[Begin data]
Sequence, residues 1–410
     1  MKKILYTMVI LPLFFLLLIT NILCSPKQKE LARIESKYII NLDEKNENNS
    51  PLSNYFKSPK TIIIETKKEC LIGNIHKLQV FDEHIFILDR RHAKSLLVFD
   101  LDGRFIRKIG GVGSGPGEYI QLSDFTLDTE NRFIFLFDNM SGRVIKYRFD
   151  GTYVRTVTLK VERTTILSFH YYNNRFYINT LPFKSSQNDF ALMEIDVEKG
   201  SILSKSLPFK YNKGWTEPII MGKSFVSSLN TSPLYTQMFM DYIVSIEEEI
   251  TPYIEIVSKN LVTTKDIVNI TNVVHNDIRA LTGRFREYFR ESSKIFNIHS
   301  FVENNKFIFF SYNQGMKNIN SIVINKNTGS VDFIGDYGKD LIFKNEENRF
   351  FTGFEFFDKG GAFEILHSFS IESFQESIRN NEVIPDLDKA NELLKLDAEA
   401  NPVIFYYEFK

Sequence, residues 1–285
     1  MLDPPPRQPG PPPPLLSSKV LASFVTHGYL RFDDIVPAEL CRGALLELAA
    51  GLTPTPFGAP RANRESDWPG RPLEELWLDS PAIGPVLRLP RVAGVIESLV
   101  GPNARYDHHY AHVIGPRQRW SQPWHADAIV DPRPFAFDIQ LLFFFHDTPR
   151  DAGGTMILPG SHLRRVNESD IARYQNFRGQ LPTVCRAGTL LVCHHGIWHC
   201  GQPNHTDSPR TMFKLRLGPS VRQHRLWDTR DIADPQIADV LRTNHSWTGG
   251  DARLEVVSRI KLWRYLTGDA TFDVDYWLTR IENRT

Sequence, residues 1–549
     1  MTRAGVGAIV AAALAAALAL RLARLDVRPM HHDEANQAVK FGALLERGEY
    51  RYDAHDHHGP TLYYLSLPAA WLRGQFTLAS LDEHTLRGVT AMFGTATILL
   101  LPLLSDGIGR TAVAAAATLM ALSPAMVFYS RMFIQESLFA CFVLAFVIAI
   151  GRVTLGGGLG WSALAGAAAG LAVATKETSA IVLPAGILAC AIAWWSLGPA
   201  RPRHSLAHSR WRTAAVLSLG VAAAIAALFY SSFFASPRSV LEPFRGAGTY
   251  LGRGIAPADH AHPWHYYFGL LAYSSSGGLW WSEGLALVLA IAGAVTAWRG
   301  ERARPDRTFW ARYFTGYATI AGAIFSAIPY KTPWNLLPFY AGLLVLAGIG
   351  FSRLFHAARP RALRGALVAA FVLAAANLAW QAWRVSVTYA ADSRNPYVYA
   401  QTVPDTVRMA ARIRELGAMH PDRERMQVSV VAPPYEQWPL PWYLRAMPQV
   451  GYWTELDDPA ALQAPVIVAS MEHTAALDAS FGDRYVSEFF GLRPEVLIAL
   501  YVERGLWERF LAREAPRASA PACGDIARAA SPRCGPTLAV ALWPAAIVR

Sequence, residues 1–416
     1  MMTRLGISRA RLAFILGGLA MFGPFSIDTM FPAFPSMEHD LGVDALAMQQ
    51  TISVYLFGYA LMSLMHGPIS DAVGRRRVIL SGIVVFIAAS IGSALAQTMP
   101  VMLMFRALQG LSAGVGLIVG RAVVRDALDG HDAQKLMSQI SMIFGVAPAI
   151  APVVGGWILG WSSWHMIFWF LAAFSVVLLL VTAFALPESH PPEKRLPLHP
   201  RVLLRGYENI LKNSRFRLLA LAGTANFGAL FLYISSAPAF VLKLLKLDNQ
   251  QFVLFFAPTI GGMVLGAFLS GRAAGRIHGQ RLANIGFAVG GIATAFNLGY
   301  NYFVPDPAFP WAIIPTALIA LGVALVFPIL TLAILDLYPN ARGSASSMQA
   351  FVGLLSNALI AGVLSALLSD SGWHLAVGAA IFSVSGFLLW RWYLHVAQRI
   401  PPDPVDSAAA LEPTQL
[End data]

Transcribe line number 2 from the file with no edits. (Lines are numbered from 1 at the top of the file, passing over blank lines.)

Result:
     1  MKKILYTMVI LPLFFLLLIT NILCSPKQKE LARIESKYII NLDEKNENNS